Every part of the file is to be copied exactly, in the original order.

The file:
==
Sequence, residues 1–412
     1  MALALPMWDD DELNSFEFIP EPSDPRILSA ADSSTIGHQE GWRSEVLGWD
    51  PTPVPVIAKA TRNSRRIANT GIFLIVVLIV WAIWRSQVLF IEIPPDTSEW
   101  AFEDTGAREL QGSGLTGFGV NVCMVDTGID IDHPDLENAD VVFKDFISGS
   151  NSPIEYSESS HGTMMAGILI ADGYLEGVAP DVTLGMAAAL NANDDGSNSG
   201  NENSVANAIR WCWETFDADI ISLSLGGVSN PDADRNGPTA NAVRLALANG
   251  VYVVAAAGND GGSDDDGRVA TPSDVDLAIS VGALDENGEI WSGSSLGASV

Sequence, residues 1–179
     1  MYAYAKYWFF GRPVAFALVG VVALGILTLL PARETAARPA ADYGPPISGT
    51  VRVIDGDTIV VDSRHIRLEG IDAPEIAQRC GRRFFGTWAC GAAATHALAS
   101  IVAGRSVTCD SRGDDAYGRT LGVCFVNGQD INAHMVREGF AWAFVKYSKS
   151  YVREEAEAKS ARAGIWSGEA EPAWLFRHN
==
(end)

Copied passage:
Sequence, residues 1–412
     1  MALALPMWDD DELNSFEFIP EPSDPRILSA ADSSTIGHQE GWRSEVLGWD
    51  PTPVPVIAKA TRNSRRIANT GIFLIVVLIV WAIWRSQVLF IEIPPDTSEW
   101  AFEDTGAREL QGSGLTGFGV NVCMVDTGID IDHPDLENAD VVFKDFISGS
   151  NSPIEYSESS HGTMMAGILI ADGYLEGVAP DVTLGMAAAL NANDDGSNSG
   201  NENSVANAIR WCWETFDADI ISLSLGGVSN PDADRNGPTA NAVRLALANG
   251  VYVVAAAGND GGSDDDGRVA TPSDVDLAIS VGALDENGEI WSGSSLGASV

Sequence, residues 1–179
     1  MYAYAKYWFF GRPVAFALVG VVALGILTLL PARETAARPA ADYGPPISGT
    51  VRVIDGDTIV VDSRHIRLEG IDAPEIAQRC GRRFFGTWAC GAAATHALAS
   101  IVAGRSVTCD SRGDDAYGRT LGVCFVNGQD INAHMVREGF AWAFVKYSKS
   151  YVREEAEAKS ARAGIWSGEA EPAWLFRHN